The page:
New England Soccer Today

United Women’s Soccer Launches w/ NE Mutiny on Board

Photo credit: G. Skovera

Photo credit: G. Skovera

A day after the New England Mutiny confirmed their move out of the WPSL, their new stomping grounds for 2016 officially launched on Wednesday with the creation of United Women’s Soccer (UWS).

UWS, which is sanctioned by U.S. Soccer as a second-division women’s league through the United States Adult Soccer Association (USASA), will kick off its debut season in May with at least eight clubs, including the Mutiny.

“It was pretty much born from the idea of a group of like-minded organizations across the country,” Mutiny owner Joe Ferrara told on Tuesday. “But particularly here in the Northeast, of having a league where the standards are high…to fall in line with being a second division team tier under the National Women’s Soccer League (NWSL).”

Similar to the WPSL, UWS will be a pro-am league featuring college and professional players alike.

Joining the Mutiny for the league’s inaugural season will be the New York Magic, Long Island Rough Riders, TSF Academy (N.J.), New Jersey Copa FC, Lancaster Infero (Pa.), Laval Comets (Quebec), and Quebec Dynamo. The inclusion of the Comets and Dynamo is subject to approval from the Canadian Soccer Association.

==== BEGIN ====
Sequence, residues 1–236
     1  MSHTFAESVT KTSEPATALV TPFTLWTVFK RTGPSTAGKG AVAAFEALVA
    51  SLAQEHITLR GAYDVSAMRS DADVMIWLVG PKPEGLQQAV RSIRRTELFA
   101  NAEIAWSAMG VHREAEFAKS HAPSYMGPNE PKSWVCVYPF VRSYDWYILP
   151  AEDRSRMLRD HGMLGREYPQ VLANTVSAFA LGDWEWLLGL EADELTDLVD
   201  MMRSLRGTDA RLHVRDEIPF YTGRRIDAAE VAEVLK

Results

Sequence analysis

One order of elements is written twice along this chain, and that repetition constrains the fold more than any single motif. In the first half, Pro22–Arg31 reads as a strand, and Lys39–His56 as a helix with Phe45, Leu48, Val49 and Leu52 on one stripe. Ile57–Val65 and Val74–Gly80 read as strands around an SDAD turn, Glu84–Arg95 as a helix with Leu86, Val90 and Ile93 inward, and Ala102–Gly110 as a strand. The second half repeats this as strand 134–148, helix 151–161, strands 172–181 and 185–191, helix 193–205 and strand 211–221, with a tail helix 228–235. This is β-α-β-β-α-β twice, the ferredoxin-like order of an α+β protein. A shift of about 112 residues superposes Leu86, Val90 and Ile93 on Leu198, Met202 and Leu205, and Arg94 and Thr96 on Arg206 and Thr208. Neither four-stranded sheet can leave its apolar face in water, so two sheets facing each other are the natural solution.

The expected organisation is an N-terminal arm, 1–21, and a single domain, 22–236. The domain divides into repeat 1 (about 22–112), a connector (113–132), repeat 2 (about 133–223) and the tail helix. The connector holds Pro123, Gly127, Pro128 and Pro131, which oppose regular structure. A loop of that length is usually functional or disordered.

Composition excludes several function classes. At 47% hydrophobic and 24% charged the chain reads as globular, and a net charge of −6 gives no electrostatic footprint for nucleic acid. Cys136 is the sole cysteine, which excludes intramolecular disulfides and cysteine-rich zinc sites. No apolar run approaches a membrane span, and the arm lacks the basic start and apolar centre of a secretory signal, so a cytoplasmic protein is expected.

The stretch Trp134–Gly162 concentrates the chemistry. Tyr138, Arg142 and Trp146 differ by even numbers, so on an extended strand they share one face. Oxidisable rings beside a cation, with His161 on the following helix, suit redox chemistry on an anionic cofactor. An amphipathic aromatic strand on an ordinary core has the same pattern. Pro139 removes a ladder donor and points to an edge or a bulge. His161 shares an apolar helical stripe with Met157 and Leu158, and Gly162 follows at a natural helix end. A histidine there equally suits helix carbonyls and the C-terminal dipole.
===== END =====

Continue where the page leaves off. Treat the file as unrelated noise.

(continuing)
According to the league’s first press release, the aim of UWS is to “provide a platform for some of the nation’s best female talent….and to promote the women’s game to younger players, gaining a fanbase that will help grow support for women’s soccer not just throughout the USA and Canada, but worldwide.”

The league is currently planning to open an application process for additional franchises. While all eight clubs currently on the docket for year one are based in the northeast, the league is hoping to attract enough clubs on the other side of the country to form a western conference.

The league also confirmed that franchises will be granted to aspiring second division clubs under US Soccer that meet pre-determined criteria relevant to developmentally-appropriate standards of facilities and infrastructure.

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